Opening Plenary by Jane Setter
Introduction
Intonation is one of the earliest acquired aspects of speech; the crymelodies of infants are influenced by the intonation of their mothers, and very small toddlers are able to use intonation to indicate turn taking patterns in play conversations before they can form words. It plays a vital role in successful communication in English, as it does in other languages. If this is true, why is intonation neglected in English language pronunciation teaching, and how can it be taught effectively?
This presentation takes the audience into the seldom-navigated region of intonation in English language teaching, focusing on the role of three main elements: tonality, tonicity and tone. Drawing on material from a number of different sources, we explore the role of intonation in English, and look at which elements are teachable, which are learnable, what resources are available to the teacher and the learner, and how intonation might be approached in the English language classroom and as a self-access learning activity. Expect a multimedia, audience participation experience.
Pronunciation

from English Grammar Today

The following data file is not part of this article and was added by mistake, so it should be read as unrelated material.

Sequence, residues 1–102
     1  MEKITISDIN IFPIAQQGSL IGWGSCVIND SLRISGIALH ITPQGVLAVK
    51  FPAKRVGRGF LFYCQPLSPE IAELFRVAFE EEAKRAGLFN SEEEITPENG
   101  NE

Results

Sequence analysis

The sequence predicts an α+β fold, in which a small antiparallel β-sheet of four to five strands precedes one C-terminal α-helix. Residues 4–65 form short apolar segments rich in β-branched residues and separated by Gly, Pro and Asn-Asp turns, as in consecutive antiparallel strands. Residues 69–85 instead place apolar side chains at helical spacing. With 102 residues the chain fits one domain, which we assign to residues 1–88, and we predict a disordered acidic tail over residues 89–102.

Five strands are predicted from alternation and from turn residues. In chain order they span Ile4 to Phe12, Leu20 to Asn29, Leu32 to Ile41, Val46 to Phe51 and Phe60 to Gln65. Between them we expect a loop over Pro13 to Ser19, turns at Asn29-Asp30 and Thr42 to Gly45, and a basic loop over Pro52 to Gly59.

Pronunciation means how we say words. Most people speak the dialect of standard English with an accent that belongs to the part of the country they come from or live in. Learners of British English commonly hear RP (received pronunciation), which is an accent often used on the BBC and other news media and in some course materials for language learners, but it is also common to hear a variety of regional accents of English from across the world.

How we use spoken stress and rhythm is also an important part of pronunciation. For example, it is important to know which syllables in a word are stressed and how different patterns of stressed and unstressed syllables are pronounced. There are also common patterns of intonation in English which enable us to give special emphasis to particular words, phrases and sentences.
See also: Dialect, British and American English, SpellingIntonation

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Here are some snapshots from the presentstion.

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Outside in: bringing new technology perspectives to ELT